Hong Kong police fire warning shots
Baton-wielding Hong Kong riot police fired warning shots and pepper spray early Tuesday after a riot erupted in a busy district when officials tried to shift illegal hawkers on Chinese New Year.
Television footage showed one officer pointing his gun at crowds of protesters on the streets of Mongkok who hurled bricks, bottles and pieces of wooden pallets at police in the worst clashes since pro-democracy demonstrations in late 2014.
Police fired at least two warning shots in the air, multiple news outlets reported, while footage showed protesters removing bricks from pavements, charging police lines with homemade shields and setting rubbish on fire in the middle of the road.
The street battles erupted after officials tried to move illegal food sellers while protestors, including members of radical "localist" groups, tried to defend the hawkers whom they say add to the festive atmosphere.
"There was a riot in Mongkok in the early hours of today. A few hundred mobs attacked police officers and media," Hong Kong leader Leung Chun-ying told media Tuesday.
"They committed acts of arson, threw bricks and other objects at police officers, including those who had already been injured and were lying on the ground," Leung said, adding that the government "strongly condemns such violent acts".
Footage from Cable Television News showed police and protesters still in a stand-off as day broke while the city's subway operator MTR closed Mongkok station due to "public activities".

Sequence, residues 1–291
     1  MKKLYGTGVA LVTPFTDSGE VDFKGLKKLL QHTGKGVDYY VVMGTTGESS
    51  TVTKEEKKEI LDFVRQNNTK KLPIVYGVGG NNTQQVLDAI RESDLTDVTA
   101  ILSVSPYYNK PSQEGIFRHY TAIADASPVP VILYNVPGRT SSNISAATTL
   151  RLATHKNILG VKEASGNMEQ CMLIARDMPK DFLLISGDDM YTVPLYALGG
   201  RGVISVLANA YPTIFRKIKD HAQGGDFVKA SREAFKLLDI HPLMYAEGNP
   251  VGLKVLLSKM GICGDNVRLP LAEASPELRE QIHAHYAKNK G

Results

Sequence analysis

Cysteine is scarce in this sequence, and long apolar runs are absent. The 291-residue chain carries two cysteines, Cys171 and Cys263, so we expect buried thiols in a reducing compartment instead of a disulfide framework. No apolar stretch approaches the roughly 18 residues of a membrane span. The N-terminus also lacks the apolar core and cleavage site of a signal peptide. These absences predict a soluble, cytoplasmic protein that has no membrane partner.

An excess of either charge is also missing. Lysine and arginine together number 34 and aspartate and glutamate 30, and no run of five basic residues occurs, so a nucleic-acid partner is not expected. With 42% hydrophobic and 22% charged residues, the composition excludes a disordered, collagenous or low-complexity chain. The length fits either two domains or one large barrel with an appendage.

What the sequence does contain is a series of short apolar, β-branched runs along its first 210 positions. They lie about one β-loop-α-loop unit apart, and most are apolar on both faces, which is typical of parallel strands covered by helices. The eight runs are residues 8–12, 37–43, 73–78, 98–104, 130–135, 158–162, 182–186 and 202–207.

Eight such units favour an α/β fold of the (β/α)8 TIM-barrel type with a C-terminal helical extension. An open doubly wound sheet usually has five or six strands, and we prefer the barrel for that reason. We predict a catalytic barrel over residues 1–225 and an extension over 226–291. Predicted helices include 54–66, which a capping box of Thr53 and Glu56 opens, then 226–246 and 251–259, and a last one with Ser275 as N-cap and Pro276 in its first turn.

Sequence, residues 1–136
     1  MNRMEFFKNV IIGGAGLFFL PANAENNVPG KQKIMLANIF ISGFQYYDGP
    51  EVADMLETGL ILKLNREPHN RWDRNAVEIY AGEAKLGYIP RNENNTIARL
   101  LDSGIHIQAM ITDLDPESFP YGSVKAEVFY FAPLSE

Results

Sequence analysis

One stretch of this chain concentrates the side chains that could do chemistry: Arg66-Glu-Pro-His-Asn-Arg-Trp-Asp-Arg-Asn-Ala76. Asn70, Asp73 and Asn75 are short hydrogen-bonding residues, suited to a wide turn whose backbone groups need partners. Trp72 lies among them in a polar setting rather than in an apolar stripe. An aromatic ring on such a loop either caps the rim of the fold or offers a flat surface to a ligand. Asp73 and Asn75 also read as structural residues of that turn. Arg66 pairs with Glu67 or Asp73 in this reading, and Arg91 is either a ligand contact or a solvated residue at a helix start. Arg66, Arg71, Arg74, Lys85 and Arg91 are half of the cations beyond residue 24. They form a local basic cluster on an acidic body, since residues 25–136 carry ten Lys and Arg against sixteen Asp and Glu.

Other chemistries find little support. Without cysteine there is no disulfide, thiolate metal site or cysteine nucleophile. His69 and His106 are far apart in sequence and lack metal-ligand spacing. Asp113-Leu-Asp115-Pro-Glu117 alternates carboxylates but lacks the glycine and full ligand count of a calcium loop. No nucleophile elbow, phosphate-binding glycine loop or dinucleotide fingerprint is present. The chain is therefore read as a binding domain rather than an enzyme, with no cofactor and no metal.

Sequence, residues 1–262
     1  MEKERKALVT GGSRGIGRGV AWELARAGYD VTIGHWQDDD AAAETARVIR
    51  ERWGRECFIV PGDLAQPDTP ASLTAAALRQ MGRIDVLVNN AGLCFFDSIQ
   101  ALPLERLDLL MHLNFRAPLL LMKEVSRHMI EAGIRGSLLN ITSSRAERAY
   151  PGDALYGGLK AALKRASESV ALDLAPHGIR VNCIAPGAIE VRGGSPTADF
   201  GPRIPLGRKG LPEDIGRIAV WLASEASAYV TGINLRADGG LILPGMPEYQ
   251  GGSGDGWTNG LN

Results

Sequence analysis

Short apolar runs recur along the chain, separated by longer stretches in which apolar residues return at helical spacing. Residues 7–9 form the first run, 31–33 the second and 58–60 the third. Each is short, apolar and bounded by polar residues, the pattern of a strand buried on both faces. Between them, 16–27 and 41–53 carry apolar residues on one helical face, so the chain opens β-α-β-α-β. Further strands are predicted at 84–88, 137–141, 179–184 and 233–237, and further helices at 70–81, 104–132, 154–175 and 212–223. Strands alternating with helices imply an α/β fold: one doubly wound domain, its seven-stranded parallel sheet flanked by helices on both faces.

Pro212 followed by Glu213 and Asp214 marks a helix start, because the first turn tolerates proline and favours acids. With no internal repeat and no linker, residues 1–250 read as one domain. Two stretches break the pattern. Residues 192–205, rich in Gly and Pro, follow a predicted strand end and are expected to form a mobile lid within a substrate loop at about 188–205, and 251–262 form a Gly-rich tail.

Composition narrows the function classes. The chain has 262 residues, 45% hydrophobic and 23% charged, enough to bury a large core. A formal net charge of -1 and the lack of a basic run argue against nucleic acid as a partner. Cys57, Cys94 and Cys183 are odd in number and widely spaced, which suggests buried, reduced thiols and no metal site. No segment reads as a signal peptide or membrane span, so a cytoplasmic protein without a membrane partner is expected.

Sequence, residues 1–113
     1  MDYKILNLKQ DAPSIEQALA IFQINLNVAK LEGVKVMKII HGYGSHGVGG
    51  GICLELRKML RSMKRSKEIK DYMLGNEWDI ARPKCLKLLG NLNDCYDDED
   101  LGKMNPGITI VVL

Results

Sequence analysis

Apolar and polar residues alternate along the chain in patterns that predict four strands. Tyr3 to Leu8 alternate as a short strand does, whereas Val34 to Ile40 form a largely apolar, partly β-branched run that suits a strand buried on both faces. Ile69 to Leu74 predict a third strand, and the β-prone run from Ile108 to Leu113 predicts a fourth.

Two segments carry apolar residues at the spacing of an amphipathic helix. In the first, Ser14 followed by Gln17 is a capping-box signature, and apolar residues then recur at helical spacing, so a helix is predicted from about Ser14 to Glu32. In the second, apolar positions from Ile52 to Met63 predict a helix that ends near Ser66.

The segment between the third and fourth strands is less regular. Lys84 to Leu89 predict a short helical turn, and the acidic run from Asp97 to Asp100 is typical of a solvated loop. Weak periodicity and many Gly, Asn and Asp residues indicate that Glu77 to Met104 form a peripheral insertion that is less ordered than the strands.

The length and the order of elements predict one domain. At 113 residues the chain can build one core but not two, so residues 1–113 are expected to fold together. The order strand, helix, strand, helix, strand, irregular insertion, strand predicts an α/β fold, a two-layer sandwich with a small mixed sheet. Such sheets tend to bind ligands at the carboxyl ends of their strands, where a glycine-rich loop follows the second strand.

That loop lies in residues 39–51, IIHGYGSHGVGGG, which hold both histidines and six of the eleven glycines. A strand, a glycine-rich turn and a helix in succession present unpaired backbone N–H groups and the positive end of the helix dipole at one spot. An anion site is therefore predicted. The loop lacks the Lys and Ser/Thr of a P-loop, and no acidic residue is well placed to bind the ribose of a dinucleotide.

TVB news footage showed protesters harassing and attacking their cameraman who sustained injuries to his hand.
Police said they acted after crowds ignored calls to disperse.
"To ensure public safety and public order, police took resolute actions, including using baton and pepper spray, to stop the unlawful violent acts," a police statement said, without mentioning any warning shots.
Police said three men were arrested and three officers were injured and had been sent to hospital for treatment while Hong Kong broadcaster RTHK later reported dozens had been arrested.
Reports said one of those arrested was Edward Leung, a "localist" candidate for an upcoming by-election on February 28.
The so-called "localists" seek to heavily restrict Beijing's influence in the city and some even want an independent Hong Kong.
The clashes come at a time when the fate of five booksellers, believed to have been detained in mainland China after disappearing late last year, has put residents on edge over concerns the semi-autonomous city's freedoms are being eroded.
Tensions still remain high between protesters and police who used tear gas to disperse protesters at the beginning of mass rallies for fully free elections in late 2014 that lasted more than two months and paralysed parts of the city.
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